- $5 million for Tennessee career centers to address the past practice of funding annual operating expenses with nonrecurring federal dollars.
- $122,000 to fund legislation that requires unemployment compensation recipients to verify their job search efforts.
- $115,500 to fund an online system to send businesses unemployment insurance notices electronically and to allow employers to submit relevant information electronically.
- $1 million for land acquisition and maintenance efforts at Radnor Lake State Park in Nashville.
According to Brooks and Watson, the governor’s original budget proposal restored more than $100 million of a total of $160 million in cuts to “core services” first identified as reductions in the FY 2010-2011 budget, but delayed until this year, due to the use of one-time federal money.
Brooks, who has a legislative record of favoring legislation that supports child development and maintaining quality housing and services for adults with intellectual disabilities, said he is supportive of the budget proposals.
“The Bradley County delegation has much to be thankful for in the governor’s new budget amendment that was introduced last week,” he said. “Important programs for children, seniors and DIDD (Department of Intellectual Disabilities and Development) programs are being funded.”
One residential program name familiar to most Cleveland and Bradley County residents that receives DIDD funding is Life Bridges, an organization that operates some 40 residential facilities in Bradley County. The latest is a pair of residential and medical units located on Kile Lake Road that have received favorable attention from Nashville and DIDD Commissioner Jim Henry.
Brooks is a longtime support of Life Bridges and its work in the local community.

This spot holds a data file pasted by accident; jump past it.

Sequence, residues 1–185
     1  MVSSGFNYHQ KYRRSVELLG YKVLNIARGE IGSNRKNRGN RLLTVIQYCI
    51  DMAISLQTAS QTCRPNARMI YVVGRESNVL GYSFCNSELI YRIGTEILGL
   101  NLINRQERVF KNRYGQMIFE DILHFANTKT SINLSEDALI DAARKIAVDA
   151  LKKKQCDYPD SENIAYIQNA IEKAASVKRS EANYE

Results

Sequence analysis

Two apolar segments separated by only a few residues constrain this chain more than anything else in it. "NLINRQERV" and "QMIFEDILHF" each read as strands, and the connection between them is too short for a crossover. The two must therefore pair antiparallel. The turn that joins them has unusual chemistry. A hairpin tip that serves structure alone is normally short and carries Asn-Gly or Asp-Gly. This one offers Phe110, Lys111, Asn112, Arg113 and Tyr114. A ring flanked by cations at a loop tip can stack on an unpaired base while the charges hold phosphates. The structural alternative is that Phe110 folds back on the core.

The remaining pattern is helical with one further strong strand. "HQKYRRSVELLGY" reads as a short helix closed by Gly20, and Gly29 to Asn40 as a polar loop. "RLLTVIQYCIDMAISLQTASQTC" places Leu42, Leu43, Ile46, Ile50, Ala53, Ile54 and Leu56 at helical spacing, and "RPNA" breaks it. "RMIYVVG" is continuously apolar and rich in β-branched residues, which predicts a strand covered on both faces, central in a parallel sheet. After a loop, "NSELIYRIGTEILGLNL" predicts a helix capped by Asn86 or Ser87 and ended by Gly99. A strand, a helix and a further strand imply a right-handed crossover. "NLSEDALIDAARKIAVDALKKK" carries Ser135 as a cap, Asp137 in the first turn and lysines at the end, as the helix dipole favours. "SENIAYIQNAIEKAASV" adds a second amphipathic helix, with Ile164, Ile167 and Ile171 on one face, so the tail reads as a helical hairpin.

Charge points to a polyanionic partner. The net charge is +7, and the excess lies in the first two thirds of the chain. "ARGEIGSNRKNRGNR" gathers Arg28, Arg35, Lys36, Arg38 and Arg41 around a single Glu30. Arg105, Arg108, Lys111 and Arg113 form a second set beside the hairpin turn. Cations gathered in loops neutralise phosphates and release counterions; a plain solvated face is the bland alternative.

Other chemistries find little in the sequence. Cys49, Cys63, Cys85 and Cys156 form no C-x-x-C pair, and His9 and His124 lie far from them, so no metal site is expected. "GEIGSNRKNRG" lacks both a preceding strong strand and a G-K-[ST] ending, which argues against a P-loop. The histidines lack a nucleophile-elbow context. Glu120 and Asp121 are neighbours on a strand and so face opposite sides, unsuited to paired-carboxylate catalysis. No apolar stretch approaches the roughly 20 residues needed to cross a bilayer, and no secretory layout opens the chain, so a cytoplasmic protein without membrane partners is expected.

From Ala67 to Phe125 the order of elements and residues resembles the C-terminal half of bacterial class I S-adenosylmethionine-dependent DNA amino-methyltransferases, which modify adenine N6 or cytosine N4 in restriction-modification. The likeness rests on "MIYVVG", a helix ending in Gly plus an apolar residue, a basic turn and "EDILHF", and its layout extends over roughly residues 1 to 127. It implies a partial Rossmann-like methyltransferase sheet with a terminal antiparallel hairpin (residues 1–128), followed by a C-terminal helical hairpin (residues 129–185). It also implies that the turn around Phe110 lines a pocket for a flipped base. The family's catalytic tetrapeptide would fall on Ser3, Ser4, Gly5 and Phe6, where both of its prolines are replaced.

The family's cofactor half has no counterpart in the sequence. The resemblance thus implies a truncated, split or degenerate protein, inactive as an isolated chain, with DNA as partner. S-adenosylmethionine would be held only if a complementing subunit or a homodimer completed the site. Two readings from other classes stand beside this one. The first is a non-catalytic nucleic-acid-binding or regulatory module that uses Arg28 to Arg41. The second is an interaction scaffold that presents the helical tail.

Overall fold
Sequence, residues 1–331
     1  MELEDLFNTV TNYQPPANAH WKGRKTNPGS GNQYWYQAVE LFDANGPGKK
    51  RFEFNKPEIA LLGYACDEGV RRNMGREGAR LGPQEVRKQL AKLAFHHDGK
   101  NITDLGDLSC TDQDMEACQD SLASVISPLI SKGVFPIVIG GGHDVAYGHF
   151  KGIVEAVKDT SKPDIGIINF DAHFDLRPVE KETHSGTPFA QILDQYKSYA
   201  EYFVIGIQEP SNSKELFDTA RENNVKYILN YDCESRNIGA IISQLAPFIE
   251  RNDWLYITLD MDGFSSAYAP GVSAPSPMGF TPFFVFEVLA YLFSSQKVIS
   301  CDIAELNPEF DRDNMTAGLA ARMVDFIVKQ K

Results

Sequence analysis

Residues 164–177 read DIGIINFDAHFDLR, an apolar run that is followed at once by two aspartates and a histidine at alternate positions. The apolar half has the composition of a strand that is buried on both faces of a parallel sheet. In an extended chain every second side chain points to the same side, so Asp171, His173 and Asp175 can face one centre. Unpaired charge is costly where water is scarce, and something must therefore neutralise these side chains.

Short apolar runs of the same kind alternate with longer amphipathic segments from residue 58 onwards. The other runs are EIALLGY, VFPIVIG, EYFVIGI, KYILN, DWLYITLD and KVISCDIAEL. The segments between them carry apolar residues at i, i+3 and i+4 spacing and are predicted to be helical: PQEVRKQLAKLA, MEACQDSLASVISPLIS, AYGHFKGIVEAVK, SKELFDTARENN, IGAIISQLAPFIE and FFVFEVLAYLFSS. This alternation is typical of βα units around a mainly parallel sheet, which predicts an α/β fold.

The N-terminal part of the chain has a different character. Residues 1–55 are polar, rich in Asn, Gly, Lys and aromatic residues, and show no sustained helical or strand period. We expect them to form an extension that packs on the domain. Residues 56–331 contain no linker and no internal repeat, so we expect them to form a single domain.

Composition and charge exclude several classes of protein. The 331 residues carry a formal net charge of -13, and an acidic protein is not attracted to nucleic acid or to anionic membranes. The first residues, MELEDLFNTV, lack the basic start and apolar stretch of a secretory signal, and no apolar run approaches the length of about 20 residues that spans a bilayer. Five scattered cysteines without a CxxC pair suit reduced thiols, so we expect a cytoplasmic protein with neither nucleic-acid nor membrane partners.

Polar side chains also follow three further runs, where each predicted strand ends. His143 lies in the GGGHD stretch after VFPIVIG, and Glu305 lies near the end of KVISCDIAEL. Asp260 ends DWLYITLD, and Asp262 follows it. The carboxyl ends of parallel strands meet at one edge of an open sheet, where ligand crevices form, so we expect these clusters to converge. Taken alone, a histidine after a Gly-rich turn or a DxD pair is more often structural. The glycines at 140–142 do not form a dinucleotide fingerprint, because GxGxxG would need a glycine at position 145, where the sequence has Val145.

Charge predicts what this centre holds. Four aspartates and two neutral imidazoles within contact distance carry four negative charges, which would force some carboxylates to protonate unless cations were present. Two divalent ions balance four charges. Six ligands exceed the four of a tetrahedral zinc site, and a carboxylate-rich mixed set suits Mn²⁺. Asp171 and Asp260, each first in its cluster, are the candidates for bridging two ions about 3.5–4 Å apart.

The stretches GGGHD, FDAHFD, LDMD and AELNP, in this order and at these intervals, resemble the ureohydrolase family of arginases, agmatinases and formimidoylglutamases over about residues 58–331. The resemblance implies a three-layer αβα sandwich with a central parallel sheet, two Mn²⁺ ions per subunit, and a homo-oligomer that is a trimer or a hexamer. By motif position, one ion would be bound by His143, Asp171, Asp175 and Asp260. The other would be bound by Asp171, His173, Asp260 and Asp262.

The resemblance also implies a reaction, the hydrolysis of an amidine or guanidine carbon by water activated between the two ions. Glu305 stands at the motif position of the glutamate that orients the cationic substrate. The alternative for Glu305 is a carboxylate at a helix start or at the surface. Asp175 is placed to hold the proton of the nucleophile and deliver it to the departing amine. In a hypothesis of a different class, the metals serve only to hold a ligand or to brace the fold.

The 24th Legislative District representative has been instrumental in developing the governor’s budget based on his committee and subcommittee memberships in Nashville.
“Serving on both the House Finance Ways & Means, and the Budget subcommittee, affords a local voice to be at the table and in the budget process,” Brooks said. “I am grateful to Speaker Harwell and Chairmen Rep. Charles Sargent and Rep. Mike Harrison for their trust in my abilities to serve on these important committees.”
Watson chairs the House Judiciary Committee and is a longtime proponent of legislation that supports law enforcement in Tennessee. The 22nd Legislative District representative also works closely with families who are victims of crime to legislate for their respective causes.
One of Watson’s ongoing law enforcement causes is the “I Hate Meth Act,” which took effect July 1, 2011.
“Efforts to combat meth in Tennessee are getting a boost from the governor who has rolled out a comprehensive statewide campaign designed to inform Tennesseans about the consequences of violating the ‘I Hate Meth Act,’” Watson said in his summary.
The governor’s announcement came last week in coordination with the Tennessee Sheriffs’ Association meeting in Nashville, Watson pointed out.
The “Meth Stops Now” campaign is a step in the administration’s public safety action plan and specifically addresses the portion of the anti-meth law that increases the penalties for making or using meth in the presence of children and for purchasing pseudoephedrine products for nonmedical uses, legislator’s summary explained.
“I applaud the governor for raising awareness about the tough new law,” Watson said. “I am very pleased the ‘I Hate Meth’ Act is doing exactly what it was designed to do; that is, to stop would-be meth cooks from getting the ingredients they need to make this dangerous drug. This awareness campaign will spread the word that Tennessee law enforcement stands ready to crack down on the manufacture and sale of this dangerous drug.”
Brooks, Watson and Bell were expected to be back on the road to Nashville early this week following the Easter weekend to resume the work of this second session of the 107th General Assembly. All three were also expected to be invited to Tuesday’s formal ribbon cutting at the new Whirlpool Cleveland Division manufacturing facility on Benton Pike. Ceremonies were to include keynote addresses by U.S. Secretary of Commerce John Bryson and Whirlpool Corporation Chairman and CEO Jeff M. Fettig.